Fairbuds XL: An Honest Review
- 1.1 Pros
- 1.2 Cons
- 1.3 Build and Design
- 1.4 Sound Quality and Features
- 1.5 Charging and Battery Life
- 1.6 Pricing and Availability
- 1.7 Verdict
Fairphone makes ethical and eco-friendly smartphones. Modular gadgets like the Fairphone 4 break the trend of irreparable handsets that dominate the tech landscape (or landfill?) by allowing almost everything to be replaced. It sells extra parts directly, so you don’t have to search eBay or AliExpress for cheap knockoffs that may not fit. Now, the brand is targeting the over-the-ear headphone market with its Fairbuds XL, a play on “excel” rather than an extra-large size. Do they sound as good as they mean? Have a listen.
Fairbuds XL Specs
|Price||$316.89, or €249 officially|
|Active Noise Cancellation||Yes|
|Battery||800mAh removable battery|
|Design||Clever modular construction|
- Great sound
- A good ANC
- Good battery life
- ANC doesn’t lead the class.
- Some stitching issues
Build and Design
Two Fairphone Fairbuds XL liveries are available. Most headphones are black; however, if you want something more colorful, try something green like mine. The two-tone look is complemented by black, red, and white dapples on the earcups, which provide a Jackson Pollock touch and indicate eco-friendly manufacturing. If you want something other than flat black, it’s cool. The cups, headband, and padding are vegan leather. Although the exterior stitching is sloppy where the headband meets the metal bands that house the extendable arms, it’s soft and comfortable.
This could be because these are pre-production examples; therefore, check this area before buying these headphones. The arms and ear-cup chassis are plastic, yet they feel solid and don’t bend. The right cup has a button for switching between ANC and pairing modes. This is a gold mini-joystick control that will be familiar to Marshall Monitor II ANC users. Pushing this up or down controls volume; left and right skip tracks; and pressing and holding turns it on or off. This is a terrific method for fitting several alternatives into a small space. On the underside of the cup is a USB-C charging port and indicator LEDs for low battery or pairing mode. Unfortunately, there’s no 3.5mm jack, so you’ll need separate cans to hook up.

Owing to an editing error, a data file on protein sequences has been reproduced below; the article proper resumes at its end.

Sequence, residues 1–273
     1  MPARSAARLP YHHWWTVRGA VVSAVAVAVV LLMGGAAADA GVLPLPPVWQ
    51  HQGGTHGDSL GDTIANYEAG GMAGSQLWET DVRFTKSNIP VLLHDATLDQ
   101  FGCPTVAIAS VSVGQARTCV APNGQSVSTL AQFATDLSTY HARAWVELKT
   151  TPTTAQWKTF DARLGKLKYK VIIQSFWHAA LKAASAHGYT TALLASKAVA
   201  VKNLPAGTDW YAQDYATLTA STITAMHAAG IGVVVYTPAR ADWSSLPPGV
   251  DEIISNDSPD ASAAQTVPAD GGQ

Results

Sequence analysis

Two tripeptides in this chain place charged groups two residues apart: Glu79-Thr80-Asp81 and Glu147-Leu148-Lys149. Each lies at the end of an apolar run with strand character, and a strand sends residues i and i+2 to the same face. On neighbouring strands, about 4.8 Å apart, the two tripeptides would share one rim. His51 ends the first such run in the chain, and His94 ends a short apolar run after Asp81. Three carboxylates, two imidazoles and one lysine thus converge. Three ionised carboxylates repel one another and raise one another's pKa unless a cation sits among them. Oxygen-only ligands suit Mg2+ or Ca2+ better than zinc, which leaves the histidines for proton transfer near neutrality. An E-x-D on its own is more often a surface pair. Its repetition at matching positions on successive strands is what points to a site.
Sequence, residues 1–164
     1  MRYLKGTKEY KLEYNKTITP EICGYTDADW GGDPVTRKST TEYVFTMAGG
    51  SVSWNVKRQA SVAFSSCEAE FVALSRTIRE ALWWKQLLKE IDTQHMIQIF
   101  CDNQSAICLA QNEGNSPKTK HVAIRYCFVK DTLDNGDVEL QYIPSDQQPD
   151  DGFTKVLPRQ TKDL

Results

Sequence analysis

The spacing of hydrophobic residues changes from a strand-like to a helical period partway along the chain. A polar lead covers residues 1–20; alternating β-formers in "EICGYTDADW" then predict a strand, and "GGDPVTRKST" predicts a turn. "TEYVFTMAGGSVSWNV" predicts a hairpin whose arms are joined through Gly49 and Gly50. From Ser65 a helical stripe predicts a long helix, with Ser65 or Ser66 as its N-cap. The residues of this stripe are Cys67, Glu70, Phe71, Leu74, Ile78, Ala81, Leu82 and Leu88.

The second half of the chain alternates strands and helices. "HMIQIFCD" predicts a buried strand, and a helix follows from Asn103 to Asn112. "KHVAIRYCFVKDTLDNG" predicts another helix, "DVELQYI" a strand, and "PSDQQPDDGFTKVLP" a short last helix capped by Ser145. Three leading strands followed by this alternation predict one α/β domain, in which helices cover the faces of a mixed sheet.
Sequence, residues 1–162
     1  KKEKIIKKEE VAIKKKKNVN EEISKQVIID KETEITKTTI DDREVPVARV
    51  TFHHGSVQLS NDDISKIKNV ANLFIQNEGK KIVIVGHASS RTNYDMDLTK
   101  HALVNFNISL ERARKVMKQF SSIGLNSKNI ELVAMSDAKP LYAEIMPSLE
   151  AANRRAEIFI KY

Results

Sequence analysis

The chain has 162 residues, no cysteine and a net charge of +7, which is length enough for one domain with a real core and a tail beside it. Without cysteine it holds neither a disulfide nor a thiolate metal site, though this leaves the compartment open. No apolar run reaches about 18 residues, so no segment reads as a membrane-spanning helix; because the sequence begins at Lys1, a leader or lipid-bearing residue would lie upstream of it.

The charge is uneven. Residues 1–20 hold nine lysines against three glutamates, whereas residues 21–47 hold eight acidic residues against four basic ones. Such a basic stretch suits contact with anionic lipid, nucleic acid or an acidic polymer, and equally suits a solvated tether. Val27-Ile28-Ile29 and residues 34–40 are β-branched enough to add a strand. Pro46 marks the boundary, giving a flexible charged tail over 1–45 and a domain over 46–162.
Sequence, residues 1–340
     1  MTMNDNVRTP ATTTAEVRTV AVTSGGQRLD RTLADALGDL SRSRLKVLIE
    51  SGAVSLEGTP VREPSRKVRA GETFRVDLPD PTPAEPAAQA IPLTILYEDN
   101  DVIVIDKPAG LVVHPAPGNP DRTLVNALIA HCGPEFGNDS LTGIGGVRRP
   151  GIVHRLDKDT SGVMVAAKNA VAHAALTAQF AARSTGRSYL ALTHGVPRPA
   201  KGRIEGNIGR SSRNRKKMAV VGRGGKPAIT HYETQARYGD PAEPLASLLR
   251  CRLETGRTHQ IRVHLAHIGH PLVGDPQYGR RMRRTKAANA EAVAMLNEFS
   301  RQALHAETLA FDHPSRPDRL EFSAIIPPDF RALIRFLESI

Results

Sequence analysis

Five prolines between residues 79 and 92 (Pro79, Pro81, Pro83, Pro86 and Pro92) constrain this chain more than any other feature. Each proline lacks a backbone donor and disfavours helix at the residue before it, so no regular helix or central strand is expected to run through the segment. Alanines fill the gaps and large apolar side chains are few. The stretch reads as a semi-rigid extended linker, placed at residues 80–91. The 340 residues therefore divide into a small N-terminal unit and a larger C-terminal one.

Sound Quality and Features
No ethical practice is worth much if the product is bad. The Fairbuds XL, thankfully, doesn’t. The headphones they clamp on securely can be difficult for glasses-wearers who plan to listen for lengthy periods. The plus is that you have an enclosed room to hear your audio content without outside noises. The 40-mm drivers in each speaker produce good sound with a nice frequency balance. If I’m picky, the upper mids feel slightly less prominent than others, but it could be because I listen to guitar-heavy music, which demands those frequencies to stand out. I still liked the music and the Fairbuds XL’s rich tones despite the small difference. My ears have spent years just feet from eager drummers, so it could be me, not the headphones. Fairsound, the accompanying software, offers four EQ options, but I didn’t detect much difference. You can’t manually modify the parameters, so you’re stuck with Fairphone’s presets.
Tapping the right cup button activates the technology and notifies you of your mode. In busy places, the ANC is decent, but don’t anticipate stillness. It will reduce the noise and provide some respite, which is typical at this price point. If you’re waiting for an announcement or just want to be aware of your surroundings, ambient mode uses the headphones’ microphones to add a low level of sound. It works well but struggles in windy conditions owing to microphone positioning. Naturally, you can turn off the ANC and turn it on when the weather improves.
Charging and Battery Life
Fairphone’s XLs have an 800mAh battery that can be replaced if it breaks or dies. The manufacturer promises up to 30 hours of playback without ANC, although that figure drops by 5 hours with ANC. I couldn’t test that in one sitting, but I only had to recharge the headphones once in two weeks, which seems reasonable because I used them for two or three hours a day. Getting back to 100% took around an hour, so you won’t have to wait long to use them.
Pricing and Availability
Fairphone released the Fairbuds XL headphones on May 11 in continental Europe and the UK; therefore, US users must import them from participating retailers. At £219/€249 (about $277), these over-the-ear headphones with ANC are comparable to others. They are comparable to the Razer Opus ($269/£200) and the Sennheiser HD 450BT headphones ($200/£150), which have ANC but not Fairphone’s ethical benefits.
The Fairbuds XL may not compete with other premium headsets in sound quality, but they nevertheless produce nice audio for most users. The battery life and ANC are excellent. It’s a wonderful package that meets expectations. You must factor in the ability to fix almost anything when quoting. Fairphone, which are thin and ethical, may be the finest headphones for someone who wishes to use the same gear for years.
Fairbuds XL sound quality?
Fairbuds XL sound good. One of several EQ settings, the bassy Tokyo option, produces a warm, crisp sound that I enjoy. However, many tunes seem muffled, especially in the midrange.
How do I link Fairphone earbuds?
Put the earphones in your ears without the casing.
Earbuds turn on automatically.
Bluetooth is under Settings > Connected devices on Fairphone 4.
Fairphone Earbuds should appear instantly.
Tap Fairphone Earbuds to connect.
The best sound quality?
WAV, FLAC, and M4A are the greatest audio formats for sound quality. These formats preserve sound quality, but the files are enormous.